Saturday, July 20, 2024

The Poetry Corner

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By Norah Christianson

Selections from the Rubaiyat of Omar Khayyam

Selections from the Rubaiyat of Omar Khayyam                 

~ Translated By Edward Fitzgerald

VII.
 Come, fill the Cup, and in the Fire of Spring
The Winter Garment of Repentance fling:
   The Bird of Time has but a little way
 To fly—and Lo! the Bird is on the Wing.

XI.
 Here with a Loaf of Bread beneath the Bough,
 A Flask of Wine, a Book of Verse—and Thou
   Beside me singing in the Wilderness—
 And Wilderness is Paradise enow.

XVIII.
 I sometimes think that never blows so red
 The Rose as where some buried Caesar bled;
   That every Hyacinth the Garden wears
 Dropt in its Lap from some once lovely Head.

XXIII.
 Ah, make the most of what we yet may spend,
 Before we too into the Dust Descend;
   Dust into Dust, and under Dust, to lie,
 Sans Wine, sans Song, sans Singer and—sans End.

XXVII.
Myself when young did eagerly frequent
Doctor and Saint, and heard great Argument
   About it and about: but evermore
 Came out by the same Door as in I went.

XXVIII.
 With them the Seed of Wisdom did I sow,
 And with my own hand labour’d it to grow:
   And this was all the Harvest that I reap’d—
 “I came like Water, and like Wind I go.”

XXXIV.
 Then to this earthen Bowl did I adjourn
 My Lip the secret Well of Life to learn:
   And Lip to Lip it murmur’d—”While you live,
 Drink!—for once dead you never shall return.”

XLVI.
 For in and out, above, about, below,
 ‘Tis nothing but a Magic Shadow-show,
   Play’d in a Box whose Candle is the Sun,
 Round which we Phantom Figures come and go.

XLVIII.
 While the Rose blows along the River Brink,
 With old Khayyam the Ruby Vintage drink:
   And when the Angel with his darker Draught
 Draws up to thee—take that, and do not shrink.

LI.
 The Moving Finger writes; and, having writ,
 Moves on: nor all thy Piety nor Wit
   Shall lure it back to cancel half a Line,
 Nor all thy Tears wash out a Word of it.

 I still have my father’s 1937 copy of Omar Khayyam’s Rubaiyat. (The first edition came out in 1859.) My father knew many sections of the Rubaiyat by heart, and in the evenings, when I was young, would sit at the kitchen table with his “flask of wine” (Four Roses whiskey) and recite the quatrains in his deep gravelly voice. He loved poetry. I loved to hear it from him. He’d recite long stretches of Longfellow, Coleridge, Shakespeare, Housman, Byron, Poe. But I believe Khayyam was his favorite. They shared philosophies.

The whole Rubaiyat is extremely beautiful. The poem questions the nature of reality, and is certain of the impermanence of life and the uncertainty of its meaning. Khayyam believed in enjoying the sensual life—an “Eat, drink, and be merry, for tomorrow we die” philosophy. (Ecclesiastes 8:15, and Isaiah 22:13.) I’ve chosen here 10 out of the first version 75 quatrains. (The meaning of “Rubaiyat” is a Persian verse form consisting of four-line stanzas.)

Omar Khayyam has been called “The Astronomer-Poet of Persia.” His full name, as it appears in Arabic sources, was Abul Fath Omar ibn Ibrahim al-Khayyam. (Just so you know.) He was born in 1048 in Persia. A brilliant polymath, known for his solution of cubic equations, he also contributed to a deeper understanding of Euclid’s parallel axiom.  As an astronomer, he calculated the duration of the solar year with incredible accuracy. (He designed the Jalali calendar, which provided the basis for the Persian calendar that is still in use after nearly a millennium.) Khayyam reported the length of the year as 365.24219858156 days. (Just so you know.) AND he was a poet. (If you think I understand any of this math stuff, you are wrong. I count on my fingers.)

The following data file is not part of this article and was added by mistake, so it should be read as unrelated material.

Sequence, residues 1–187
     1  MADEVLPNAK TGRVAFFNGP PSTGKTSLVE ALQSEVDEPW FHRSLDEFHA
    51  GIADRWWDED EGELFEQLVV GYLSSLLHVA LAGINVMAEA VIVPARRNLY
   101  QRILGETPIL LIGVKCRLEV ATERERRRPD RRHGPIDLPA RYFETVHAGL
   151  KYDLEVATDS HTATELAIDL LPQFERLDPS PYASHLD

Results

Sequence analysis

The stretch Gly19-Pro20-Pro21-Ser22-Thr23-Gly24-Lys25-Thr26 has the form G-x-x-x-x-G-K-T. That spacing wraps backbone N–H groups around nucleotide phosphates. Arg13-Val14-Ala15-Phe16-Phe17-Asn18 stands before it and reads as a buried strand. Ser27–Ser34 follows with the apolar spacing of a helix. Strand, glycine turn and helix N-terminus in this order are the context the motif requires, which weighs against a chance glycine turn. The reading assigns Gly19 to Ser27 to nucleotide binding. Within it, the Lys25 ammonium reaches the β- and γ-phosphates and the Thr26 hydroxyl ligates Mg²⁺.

It was Edward Fitzgerald, born in Suffolk, England in 1809 to extremely wealthy parents, who translated Khayyam. A poet and a writer, he had literary friends such as Thackeray and Tennyson. In 1853, Fitzgerald began to study Persian literature at the University of Oxford with Professor Edward Myles Cowell. In the Asiatic Society library in Calcutta, Cowell discovered a set of Persian quatrains by Omar Khayyam and sent them to Fitzgerald, who then set about to translate them. 

Fitzgerald made Khayyam famous, and Khayyam made Fitzgerald famous. There’s been much controversy about how accurate Fitzgerald’s translation is. But translation is an art in itself. Poets will translate poems they admire in order to make them accessible in other languages. There is, when translating literature (not in science or politics, one hopes), some leeway. A word that rhymes in one language will not rhyme in another, so the translator must find a rhyming word that may not be exact, but is near enough. A poet translating another poet will also often use a more beautiful or apt word than a strict translation would afford. For instance, if the word in the Nahuatl (Aztec) language translates literally to “wash” in English, the translator may take the liberty of using the more poetic word “bathe” instead.  (By the way, Fitzgerald was quite open about his taking translation liberties with the quatrains.) 

The Rubaiyat went through five revisions and five printed editions by Fitzgerald, and a sixth was published posthumously. (I have used here the first version quatrains from my dad’s book.) Each revision was somewhat different. Why would a poet work and re-work and re-work a poem? We do that. It’s an effort to make it perfect. When W. S. Merwin asked John Berryman (important American poets) how you can ever be sure that what you write is really any good, Berryman said, “You can’t. You can’t. You can never be sure. You die without knowing.” Which is why, I think, Paul Valery said, “A poem is never finished, only abandoned.” 

At any rate, as Khayamm and Fitzgerald would translate each other’s credo, “Live it up!”

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